From Spanish teacher to community leader

Gina Munig has chosen a new career path after 25 years of teaching foreign language.


Matthew Centner, Chief Editor

For the past two and a half decades, Gina Munig taught high school Spanish, 18 years at Menasha and 8 years at Oshkosh North. Now, Munig has decided to try something new: she will enter her first year as a teacher in the Communities program. 

“After teaching Spanish for 25 years, I felt like I needed a change and a new challenge,” Munig says. “The position of Communities teacher opened up. I have a degree in educational leadership, and I wanted to find out what it would be like to teach that. I talked to [Kim] Gauthier and [Rick] Lieb about the position, and it sounded interesting, challenging, and very different from Spanish.”

Munig was also interested in the position because her children, Garrett and Grace, have both been a part of the program. 

“My daughter was in the program for all four years of high school, and now my son is in it as well, and I wanted to see what it was like for myself. From a parent’s lens, it’s really cool to see.”

At first, Munig struggled with the idea of working as a team rather than on her own:

“Even though with Spanish you have a department, you still have your own classroom, and you’re teaching on your own all day,” she explains. “Whereas here, we have a team of 4, plus [Susan] Lieb, who is a coordinator. I had to wrap my head around that. But so far, I really enjoy it. I think we all [Communities teachers] compliment each other well.”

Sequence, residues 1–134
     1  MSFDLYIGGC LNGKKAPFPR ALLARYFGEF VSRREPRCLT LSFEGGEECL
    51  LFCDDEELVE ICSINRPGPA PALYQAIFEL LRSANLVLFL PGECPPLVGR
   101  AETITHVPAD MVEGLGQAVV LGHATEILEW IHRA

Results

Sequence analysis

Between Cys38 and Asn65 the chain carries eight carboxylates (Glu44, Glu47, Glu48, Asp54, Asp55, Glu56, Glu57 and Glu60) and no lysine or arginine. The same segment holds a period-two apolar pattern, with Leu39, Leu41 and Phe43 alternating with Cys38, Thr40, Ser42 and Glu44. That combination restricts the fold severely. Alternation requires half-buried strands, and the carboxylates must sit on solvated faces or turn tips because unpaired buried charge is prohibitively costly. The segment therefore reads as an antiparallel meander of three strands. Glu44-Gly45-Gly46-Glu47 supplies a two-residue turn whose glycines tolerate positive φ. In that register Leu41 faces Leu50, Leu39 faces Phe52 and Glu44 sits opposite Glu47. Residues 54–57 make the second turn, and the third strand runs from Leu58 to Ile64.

As a former Spanish teacher with a love for new adventures far from home, Munig plans to introduce travel to the community-based program. 

“Travel is a huge passion of mine. As a Spanish teacher, I took many trips with students to Mexico, Costa Rica, and Spain. I’d love to help the history and culture component of Communities come alive by traveling to different countries or different places in the United States to help students experience and appreciate the history that we are studying within our program.” 

One example of her ideas for travel involved traveling to Germany or Poland for a World War II unit. 

Not only is she excited for the potential to travel, but she is also looking forward to strengthening her relationship with the community of Oshkosh. As a Communities leader, Munig has opportunities that she never had before, such as the ability to get out of the classroom more often, work on projects side-by-side with her students, and make a change in the community she grew up in. 

However, there are some things about teaching Spanish that Munig will miss. At first, Munig was concerned that she would lose the ability to be fluent in the language. When telling her fellow Spanish teachers this, they reminded her that with over 30 years of experience, forgetting Spanish would prove difficult. 

Most of all, Munig will miss her former students. 

“I’ve had some of my previous students for three years, so I will miss continuing teaching them Spanish. The good thing is some of those students are in Communities, so I still get them as a student—just in a different capacity. I will miss all the fun games and silly stories, but really, it’s the students [I’ll miss the most]. Many of them aren’t a part of Communities, but they still come and visit.”

While she may not have the same Spanish students or the same classroom setting, Munig will undoubtedly make connections with her new students, Señora or otherwise.